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Rite of passage parenting: ‘Christmas gift!’

My father-in-law, Richard Silver, was an incredibly passionate and jolly man who lived his faith out loud. Before I even fell for his daughter, he and I would spend every Saturday visiting the families of the kids who rode the bus to our church. Then on Sunday morning, he would drive an old, beat-up, yellow school bus as he went around picking up the children we had visited the day before.

They came running out, and a big, ol’ smile would spread across his face as he opened the door and spoke to each one by name. It wouldn’t be taking things too far to say his smile came from the same place that made Jesus smile when the children came running to Him.

But Richard was a man of habit. When he met people or answered his phone during this time of the year, he would never say the customary “Hello.” Instead, he would sing out, “Christmas gift!” He didn’t care who was on the other end of his greeting. He just knew it was the time of the year to celebrate our Lord’s birth. He’s been gone for many years now, but everyone in his family now approaches this season the same way. It’s funny how much difference one person can make.

So, if you will allow me a few lines here, I would like to wish all my friends and family, and especially you, “Christmas gift!” I’ve had the privilege of meeting many of you this year as I have traveled around the country.

Some of you brought me your favorite article you clipped out and stuffed into your Bible. Even though we were meeting for the first time, it seemed like we had known each other all of our lives.

What I love about these encounters is that I get to hear your stories, and they are way better than mine. You told me that while your wife was dying of cancer, she asked you to read her this article every week. Even though she felt terrible, she would grin and, once in a while, chuckle as you read this author’s rambling writing. Thank you for sharing that with me. I want to wish you, “Christmas gift!”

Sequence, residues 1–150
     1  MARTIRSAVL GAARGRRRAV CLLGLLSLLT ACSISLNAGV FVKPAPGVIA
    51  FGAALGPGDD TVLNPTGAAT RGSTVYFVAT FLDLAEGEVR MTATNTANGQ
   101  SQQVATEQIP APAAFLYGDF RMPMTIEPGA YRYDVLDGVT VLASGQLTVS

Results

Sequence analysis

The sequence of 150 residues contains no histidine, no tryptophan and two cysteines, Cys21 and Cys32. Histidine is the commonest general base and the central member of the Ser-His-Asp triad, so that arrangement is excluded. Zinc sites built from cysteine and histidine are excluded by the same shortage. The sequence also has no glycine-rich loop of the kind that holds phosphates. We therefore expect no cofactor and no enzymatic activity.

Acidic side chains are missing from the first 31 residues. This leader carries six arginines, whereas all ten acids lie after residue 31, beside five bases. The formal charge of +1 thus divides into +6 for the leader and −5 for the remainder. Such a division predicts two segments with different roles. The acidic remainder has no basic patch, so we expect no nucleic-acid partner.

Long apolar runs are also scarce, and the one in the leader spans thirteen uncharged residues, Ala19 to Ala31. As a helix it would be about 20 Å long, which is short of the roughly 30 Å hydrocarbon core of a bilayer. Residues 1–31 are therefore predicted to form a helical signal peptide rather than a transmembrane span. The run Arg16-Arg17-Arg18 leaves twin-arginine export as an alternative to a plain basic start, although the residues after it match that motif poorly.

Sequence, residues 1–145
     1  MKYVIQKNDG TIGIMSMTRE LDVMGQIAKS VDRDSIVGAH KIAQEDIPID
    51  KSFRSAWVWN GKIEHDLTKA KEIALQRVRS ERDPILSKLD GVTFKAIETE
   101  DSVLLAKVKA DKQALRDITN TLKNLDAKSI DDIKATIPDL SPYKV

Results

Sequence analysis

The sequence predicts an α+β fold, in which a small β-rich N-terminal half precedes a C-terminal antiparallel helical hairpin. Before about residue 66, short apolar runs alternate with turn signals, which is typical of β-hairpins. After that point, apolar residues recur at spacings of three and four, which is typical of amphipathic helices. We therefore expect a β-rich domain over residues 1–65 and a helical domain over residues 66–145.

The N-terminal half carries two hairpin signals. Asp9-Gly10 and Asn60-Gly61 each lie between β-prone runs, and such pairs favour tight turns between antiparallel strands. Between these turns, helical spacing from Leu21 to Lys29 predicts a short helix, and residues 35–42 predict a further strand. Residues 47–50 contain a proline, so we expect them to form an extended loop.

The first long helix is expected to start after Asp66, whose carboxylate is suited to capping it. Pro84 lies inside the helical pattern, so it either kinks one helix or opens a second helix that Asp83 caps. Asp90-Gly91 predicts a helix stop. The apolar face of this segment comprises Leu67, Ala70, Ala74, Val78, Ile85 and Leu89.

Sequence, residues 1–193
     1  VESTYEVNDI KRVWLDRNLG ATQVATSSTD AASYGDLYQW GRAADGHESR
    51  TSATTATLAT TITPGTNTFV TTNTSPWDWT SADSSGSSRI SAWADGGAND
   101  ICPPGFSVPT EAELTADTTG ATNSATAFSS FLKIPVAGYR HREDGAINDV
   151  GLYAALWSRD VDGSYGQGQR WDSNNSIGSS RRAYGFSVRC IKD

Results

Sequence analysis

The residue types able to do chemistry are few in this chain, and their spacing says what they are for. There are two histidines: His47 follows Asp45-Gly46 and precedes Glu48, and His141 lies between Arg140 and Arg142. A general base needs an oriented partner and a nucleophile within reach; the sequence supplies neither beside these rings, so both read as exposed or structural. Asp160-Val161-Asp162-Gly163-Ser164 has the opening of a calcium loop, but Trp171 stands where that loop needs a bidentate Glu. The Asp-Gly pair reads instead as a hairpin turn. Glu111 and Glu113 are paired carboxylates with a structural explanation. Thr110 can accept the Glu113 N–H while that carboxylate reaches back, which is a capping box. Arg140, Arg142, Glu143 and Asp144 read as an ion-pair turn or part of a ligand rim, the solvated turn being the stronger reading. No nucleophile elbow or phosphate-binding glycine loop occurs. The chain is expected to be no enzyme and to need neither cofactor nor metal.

I had one man tell me that his wife would pester him each week: “Have you read Walker’s article yet?” He added, “She makes my life miserable until I say, ‘Yes, dear, I have read his article this week.’” I want to wish that lady an extra “Christmas gift!”

And I want to include the lady whom I believe is in her 90s that I met at Miami, First. She told me her favorite article was “The Girl in The Yellow Dress,” because it had touched her life deeply. She then asked if I would sign her Bible. I was humbled beyond measure. I would also like to wish her, “Christmas gift!”

To the couple who kept staring at me in the movie theater line when finally, the wife asked, “Are you Walker Moore?” When I said, “Yes,” she said, “We read your articles all the time! I recognized your picture from your article.” My son looked at me and said, “Dad, I can’t take you anywhere.” I also want to wish you two, “Christmas gift!”

I am at the age where there is really nothing I need—except hearing aids, Rogaine for my thinning hair, books with larger print and an extra-thick sweater for these cold winter days. And oh, yes, I’ve still got the remote starter my family bought for my truck five years ago sitting in the box. Other than these few things, I am pretty well set.

But the greatest gifts I receive come throughout the year when I get to meet and hear from you. Thank you for those gifts.

Two thousand years ago, God sent His angel with a birth announcement. “But the angel said to them, ‘Do not be afraid. I bring you good news that will cause great joy for all the people. Today in the town of David a Savior has been born to you; He is the Messiah, the Lord. This will be a sign to you: You will find a baby wrapped in cloths and lying in a manger.’ Suddenly a great company of the heavenly host appeared with the angel, praising God and saying, ‘Glory to God in the highest heaven, and on Earth peace to those on whom His favor rests’” (Luke 2:10-14).

If Richard had been in charge of the angels, he could have summed all this up in two words: “Christmas gift!”

Walker Moore

Author: Walker Moore

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